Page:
Maria Clara gown

"Maria Clara terno" redirects here. For other uses, see Terno (disambiguation).
La Bulaqueña (1895) by Juan Luna depicts a woman from Bulacan, Philippines wearing a traditional María Clara gown.

The María Clara gown is a traditional gown worn by women in the Philippines. This Filipino dress takes its name from María Clara, the mestiza protagonist of the national epic Noli me tangere, penned in 1890 by Filipino national hero José Rizal. It has been connected to the María Clara character because of her traits: delicate, feminine, self-assured and with a sense of identity. The María Clara outfit is the only Philippine national attire that is named after a literary figure.[1]


The María Clara dress originated from the conventional baro't saya of early Filipino women. The baro't saya consists of a loose, long-sleeved blouse, which is then worn over a wide, ankle-length skirt.[1]

Traditional components

The attire is composed of four pieces, namely the camisa, the saya, the pañuelo (a scarf, also spelled panuelo) and the tapis. The camisa is a collarless chemise whose hem is at the waist, and is made from flimsy, translucent fabrics such as pineapple fiber and jusi. The sleeves of the camisa are similar to the so-called "angel wings", or shaped like bells that have cuffs. The pañuelo is a stiff covering for the neck, which acts as an accent piece because of embellishments added to it. The purpose of the pañuelo is related to modesty, used to cover the low-necked camisa'. The saya is a skirt shaped like a bubble with a length that begins from the waist reaching the floor. These are usually comprised either of single or double sheets, called "panels" or dos panos (lit. "two panels/layers"); some examples are made out of seven gores or siete cuchillos (lit. "seven knives"). The tapis is a knee-length over-skirt that hugs the hips. Tapis designs may be plain, and is usually made of opaque fabrics such as muslin and the madras cloth, and also is used for the purposes of modesty as it keeps the lower torso from showing due to the thinness of the saya.[1]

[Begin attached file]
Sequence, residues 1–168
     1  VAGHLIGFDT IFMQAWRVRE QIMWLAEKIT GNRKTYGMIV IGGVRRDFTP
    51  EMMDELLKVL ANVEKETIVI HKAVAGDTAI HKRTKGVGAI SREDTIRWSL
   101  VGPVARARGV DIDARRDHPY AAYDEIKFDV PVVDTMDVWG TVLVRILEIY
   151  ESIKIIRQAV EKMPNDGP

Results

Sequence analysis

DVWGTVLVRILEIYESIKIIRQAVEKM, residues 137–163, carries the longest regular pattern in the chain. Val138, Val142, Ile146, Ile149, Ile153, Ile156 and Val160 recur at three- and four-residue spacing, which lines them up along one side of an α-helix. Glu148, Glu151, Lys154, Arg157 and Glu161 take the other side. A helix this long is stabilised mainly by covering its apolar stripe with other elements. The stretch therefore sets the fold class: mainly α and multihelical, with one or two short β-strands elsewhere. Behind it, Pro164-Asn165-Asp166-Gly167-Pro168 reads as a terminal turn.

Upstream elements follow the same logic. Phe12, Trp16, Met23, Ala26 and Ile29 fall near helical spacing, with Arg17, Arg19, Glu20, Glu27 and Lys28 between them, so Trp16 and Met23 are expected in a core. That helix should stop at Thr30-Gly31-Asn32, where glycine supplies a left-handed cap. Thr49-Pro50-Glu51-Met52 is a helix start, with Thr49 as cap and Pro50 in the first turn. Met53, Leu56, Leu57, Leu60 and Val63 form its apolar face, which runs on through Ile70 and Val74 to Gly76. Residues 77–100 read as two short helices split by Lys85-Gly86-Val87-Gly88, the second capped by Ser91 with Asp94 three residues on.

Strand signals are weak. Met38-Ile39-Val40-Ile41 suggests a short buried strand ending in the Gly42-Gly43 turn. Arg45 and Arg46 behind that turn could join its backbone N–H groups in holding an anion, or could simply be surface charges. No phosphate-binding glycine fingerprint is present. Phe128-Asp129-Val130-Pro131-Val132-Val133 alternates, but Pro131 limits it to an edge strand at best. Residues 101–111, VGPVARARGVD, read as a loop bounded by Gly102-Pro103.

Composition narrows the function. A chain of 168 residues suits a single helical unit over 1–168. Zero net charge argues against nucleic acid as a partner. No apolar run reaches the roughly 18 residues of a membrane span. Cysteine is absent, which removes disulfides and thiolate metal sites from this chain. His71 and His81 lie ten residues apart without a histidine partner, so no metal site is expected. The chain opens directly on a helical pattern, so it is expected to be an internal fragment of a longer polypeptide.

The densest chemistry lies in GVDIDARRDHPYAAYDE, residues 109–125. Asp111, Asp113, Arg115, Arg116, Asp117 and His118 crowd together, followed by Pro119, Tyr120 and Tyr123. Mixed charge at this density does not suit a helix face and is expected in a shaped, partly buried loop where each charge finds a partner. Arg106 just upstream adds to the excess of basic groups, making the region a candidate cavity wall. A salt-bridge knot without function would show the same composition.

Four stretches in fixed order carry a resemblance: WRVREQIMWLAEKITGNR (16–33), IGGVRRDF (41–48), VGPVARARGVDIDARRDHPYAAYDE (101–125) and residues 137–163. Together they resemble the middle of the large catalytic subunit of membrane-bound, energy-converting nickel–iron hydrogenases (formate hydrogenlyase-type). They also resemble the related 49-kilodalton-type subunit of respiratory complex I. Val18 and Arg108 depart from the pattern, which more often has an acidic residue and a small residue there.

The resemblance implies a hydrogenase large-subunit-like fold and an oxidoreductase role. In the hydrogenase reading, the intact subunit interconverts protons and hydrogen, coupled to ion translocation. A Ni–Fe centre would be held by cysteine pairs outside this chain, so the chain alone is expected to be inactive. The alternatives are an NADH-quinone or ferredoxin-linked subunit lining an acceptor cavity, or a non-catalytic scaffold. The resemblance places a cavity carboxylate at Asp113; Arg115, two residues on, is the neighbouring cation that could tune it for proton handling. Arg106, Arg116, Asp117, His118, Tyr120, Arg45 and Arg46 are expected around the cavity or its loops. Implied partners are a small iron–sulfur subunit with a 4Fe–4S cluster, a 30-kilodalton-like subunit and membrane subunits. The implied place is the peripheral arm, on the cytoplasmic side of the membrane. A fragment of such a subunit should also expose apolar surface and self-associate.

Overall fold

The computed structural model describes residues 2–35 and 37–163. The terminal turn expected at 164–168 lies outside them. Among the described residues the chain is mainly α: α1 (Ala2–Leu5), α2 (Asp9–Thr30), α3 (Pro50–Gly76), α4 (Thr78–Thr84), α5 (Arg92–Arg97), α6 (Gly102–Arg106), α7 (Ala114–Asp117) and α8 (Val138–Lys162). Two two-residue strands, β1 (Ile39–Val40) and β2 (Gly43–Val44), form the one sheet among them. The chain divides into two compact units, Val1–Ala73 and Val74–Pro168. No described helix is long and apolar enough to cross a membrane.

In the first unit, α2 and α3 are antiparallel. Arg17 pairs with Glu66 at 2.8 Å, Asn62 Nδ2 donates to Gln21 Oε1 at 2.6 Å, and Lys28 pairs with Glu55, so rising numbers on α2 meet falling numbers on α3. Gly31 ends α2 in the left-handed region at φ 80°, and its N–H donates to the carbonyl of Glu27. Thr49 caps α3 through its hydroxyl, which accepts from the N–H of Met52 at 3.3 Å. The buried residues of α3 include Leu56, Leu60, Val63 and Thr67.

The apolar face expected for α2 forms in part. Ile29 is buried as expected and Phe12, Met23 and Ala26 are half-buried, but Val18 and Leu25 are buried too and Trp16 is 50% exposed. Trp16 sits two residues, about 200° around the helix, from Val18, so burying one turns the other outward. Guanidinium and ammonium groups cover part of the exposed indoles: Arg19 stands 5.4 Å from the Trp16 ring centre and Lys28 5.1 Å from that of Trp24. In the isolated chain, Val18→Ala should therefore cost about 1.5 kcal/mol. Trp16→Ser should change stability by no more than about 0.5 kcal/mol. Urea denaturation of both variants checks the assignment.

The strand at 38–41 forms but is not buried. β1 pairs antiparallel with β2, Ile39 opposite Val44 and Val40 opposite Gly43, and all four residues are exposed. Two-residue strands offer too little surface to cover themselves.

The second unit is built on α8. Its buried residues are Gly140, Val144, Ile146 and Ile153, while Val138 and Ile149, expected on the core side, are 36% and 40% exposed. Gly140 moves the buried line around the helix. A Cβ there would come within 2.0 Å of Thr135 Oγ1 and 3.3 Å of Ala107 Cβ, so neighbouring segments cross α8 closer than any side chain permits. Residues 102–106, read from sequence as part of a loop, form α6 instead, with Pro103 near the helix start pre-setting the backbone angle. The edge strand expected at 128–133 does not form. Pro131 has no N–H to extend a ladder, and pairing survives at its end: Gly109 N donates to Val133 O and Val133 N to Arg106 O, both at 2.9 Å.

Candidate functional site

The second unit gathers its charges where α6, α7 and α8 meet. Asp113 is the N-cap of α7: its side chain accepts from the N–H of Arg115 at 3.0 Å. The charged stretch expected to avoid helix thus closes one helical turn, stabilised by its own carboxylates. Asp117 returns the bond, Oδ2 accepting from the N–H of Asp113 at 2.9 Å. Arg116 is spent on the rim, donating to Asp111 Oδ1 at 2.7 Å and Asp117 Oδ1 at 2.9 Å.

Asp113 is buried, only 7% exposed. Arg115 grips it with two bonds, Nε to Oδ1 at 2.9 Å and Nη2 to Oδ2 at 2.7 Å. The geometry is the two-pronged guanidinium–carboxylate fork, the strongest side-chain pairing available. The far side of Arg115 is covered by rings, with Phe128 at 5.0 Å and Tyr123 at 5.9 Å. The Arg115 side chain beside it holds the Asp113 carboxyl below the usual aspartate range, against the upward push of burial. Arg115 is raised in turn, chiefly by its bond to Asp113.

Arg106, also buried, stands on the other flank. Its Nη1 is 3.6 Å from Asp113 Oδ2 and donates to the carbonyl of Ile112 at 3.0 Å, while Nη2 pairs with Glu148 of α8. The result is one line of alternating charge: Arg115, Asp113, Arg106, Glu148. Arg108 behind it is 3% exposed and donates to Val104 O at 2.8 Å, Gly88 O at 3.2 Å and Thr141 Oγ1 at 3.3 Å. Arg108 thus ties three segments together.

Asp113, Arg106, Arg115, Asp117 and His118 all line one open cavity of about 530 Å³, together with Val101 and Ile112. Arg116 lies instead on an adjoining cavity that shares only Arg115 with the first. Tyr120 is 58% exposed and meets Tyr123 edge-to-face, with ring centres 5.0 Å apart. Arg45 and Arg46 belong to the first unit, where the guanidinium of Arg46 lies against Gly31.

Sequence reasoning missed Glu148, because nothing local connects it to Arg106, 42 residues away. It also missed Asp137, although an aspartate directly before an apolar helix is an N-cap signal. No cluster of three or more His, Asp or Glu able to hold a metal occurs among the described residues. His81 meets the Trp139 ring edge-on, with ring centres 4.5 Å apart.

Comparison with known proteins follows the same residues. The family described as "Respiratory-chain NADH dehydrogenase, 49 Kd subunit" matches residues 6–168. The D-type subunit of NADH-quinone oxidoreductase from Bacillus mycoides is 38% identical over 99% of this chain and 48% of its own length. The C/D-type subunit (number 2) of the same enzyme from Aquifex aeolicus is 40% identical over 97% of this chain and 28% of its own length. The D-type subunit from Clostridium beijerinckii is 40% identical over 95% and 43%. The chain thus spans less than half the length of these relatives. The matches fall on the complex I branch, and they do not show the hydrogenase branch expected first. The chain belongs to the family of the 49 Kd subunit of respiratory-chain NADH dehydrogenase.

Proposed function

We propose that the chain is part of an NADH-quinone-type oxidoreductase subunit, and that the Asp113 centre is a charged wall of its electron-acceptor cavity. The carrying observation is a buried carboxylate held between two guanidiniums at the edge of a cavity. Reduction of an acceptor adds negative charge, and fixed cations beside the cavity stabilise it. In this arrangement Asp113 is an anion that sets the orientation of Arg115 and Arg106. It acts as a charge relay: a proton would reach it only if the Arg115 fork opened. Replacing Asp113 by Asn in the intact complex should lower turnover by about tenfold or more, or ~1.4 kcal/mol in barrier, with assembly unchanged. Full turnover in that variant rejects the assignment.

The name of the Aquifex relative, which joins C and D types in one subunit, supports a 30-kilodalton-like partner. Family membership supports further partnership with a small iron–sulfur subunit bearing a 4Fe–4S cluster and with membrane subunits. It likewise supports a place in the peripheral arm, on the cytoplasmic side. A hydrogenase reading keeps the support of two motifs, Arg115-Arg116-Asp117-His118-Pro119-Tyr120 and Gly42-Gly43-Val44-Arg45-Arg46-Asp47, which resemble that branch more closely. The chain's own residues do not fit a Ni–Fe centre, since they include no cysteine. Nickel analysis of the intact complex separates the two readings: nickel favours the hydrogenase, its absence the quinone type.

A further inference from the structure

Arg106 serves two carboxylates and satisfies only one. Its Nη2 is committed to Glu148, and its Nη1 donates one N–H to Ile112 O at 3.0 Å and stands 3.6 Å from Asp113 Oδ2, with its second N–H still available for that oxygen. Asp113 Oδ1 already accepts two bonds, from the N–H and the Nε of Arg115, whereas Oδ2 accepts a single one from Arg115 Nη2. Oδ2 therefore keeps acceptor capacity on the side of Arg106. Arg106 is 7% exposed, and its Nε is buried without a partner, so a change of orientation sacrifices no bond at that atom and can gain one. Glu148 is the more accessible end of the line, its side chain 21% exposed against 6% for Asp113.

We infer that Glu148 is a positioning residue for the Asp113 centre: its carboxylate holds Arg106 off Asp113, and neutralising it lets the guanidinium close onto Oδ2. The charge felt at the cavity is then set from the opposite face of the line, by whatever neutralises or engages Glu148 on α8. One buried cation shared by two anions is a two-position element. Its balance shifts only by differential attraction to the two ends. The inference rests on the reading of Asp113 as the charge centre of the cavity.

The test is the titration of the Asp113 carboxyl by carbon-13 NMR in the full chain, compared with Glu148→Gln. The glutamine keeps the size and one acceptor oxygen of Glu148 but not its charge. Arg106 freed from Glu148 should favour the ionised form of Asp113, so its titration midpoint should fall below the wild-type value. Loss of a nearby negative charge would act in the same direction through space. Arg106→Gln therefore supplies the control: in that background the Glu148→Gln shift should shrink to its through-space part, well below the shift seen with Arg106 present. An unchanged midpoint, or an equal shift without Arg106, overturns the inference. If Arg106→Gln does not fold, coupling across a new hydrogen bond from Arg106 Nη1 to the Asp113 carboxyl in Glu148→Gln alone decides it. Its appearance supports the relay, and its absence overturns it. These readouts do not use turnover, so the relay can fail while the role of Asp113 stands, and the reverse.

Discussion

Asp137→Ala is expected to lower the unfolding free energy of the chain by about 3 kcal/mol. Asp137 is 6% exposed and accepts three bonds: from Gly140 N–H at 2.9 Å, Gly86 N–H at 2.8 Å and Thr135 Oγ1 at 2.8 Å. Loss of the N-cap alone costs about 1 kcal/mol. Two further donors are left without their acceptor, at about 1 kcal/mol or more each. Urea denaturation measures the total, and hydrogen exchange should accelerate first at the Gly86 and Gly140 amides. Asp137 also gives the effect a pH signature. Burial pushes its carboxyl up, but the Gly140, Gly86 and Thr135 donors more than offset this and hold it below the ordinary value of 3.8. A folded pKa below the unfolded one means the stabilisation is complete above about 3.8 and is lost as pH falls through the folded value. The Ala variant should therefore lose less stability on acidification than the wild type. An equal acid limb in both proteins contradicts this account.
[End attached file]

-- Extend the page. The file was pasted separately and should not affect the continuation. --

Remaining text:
A María Clara gown worn by Imelda Marcos in an exhibit at Malacanang of the North

A more modern version of this dress is referred to as a "terno".[2]

During the July 8, 2008 State of the Nation Address of Philippine president Gloria Macapagal-Arroyo, she wore a "modernized María Clara gown". The adaptation donned by the president came was fuchsia-pink, designed by JC Buendia. Created in three weeks, the fabric used for the presidential gown was a blend of pineapple fibers and silk and was developed by the Philippine Research Institute, an agency of the Department of Science and Technology of the Philippines. The six-yard fabric costing 3,000 was produced in the province of Misamis Oriental, processed in Manila, and woven in the province of Aklan. The cloth was then colored with a dye from the sabang, a native plant.[3]

The purpose of the gown was to project the theme of the president's speech, that was "the world-class capacity of Filipinos", in addition to the values of self-reliance, environmental protection, helping the underprivileged and tapping into the Philippines' "potential for catapulting into First World status".

According to the Philippine Daily Inquirer, this is the first time in Philippine history that the media office of the Malacañang Palace revealed details about a Filipino president's evening outfit that would be worn for a State of the Nation Address, although the president herself talked about the attire she wore in June 2008 during the 50th anniversary of the Department of Science and Technology. The aforementioned outfit was an old-rose-colored dress from pineapple fibers and dyed with materials originating from coconut husks.[3]

See also


Wikimedia Commons has media related to Maria Clara gown.
  1. 1 2 3 Moreno, Jose "Pitoy". Costume at the Fin de Siecle - Maria Clara, Philippine Costume,
  2. Project Runway Philippines (season 1)
  3. 1 2 Avendaño, Christine. ‘Modernized’ Maria Clara gown for Arroyo, Philippine Daily Inquirer, July 28, 2008.
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